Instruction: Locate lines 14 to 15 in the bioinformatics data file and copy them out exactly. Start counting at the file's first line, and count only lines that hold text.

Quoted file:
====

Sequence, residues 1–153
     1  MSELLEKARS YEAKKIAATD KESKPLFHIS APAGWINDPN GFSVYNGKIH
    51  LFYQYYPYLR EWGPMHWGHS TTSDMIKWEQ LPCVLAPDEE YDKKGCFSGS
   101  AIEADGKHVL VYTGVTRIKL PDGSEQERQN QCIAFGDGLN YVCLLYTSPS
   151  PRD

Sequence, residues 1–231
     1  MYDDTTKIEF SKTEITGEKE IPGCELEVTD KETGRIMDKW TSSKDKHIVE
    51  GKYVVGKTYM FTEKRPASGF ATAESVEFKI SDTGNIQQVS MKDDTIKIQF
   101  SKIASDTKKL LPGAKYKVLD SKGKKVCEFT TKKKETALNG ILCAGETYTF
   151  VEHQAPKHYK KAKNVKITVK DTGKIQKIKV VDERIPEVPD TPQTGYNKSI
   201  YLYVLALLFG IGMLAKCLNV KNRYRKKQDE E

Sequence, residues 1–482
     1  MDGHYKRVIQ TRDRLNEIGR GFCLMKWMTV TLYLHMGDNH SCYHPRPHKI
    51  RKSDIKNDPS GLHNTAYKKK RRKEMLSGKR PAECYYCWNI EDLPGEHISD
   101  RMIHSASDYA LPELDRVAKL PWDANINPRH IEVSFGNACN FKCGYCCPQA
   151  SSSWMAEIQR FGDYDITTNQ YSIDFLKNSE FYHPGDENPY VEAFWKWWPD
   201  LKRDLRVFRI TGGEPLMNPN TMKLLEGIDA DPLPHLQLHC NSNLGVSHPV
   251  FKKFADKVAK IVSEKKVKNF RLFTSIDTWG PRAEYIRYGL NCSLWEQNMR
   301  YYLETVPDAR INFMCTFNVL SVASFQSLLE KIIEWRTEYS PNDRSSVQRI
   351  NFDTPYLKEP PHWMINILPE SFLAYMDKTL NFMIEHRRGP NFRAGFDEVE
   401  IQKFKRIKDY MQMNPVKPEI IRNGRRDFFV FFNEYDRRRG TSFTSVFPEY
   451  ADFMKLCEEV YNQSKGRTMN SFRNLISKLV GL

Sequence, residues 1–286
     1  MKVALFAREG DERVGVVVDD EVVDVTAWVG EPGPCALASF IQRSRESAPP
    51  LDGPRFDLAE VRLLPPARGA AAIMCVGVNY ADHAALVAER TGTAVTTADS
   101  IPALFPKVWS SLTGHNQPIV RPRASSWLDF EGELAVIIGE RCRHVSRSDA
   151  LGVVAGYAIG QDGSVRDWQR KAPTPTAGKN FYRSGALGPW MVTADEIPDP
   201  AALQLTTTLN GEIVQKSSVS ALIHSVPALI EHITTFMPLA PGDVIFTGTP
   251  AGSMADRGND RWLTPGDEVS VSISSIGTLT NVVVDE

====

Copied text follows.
    51  RKSDIKNDPS GLHNTAYKKK RRKEMLSGKR PAECYYCWNI EDLPGEHISD
   101  RMIHSASDYA LPELDRVAKL PWDANINPRH IEVSFGNACN FKCGYCCPQA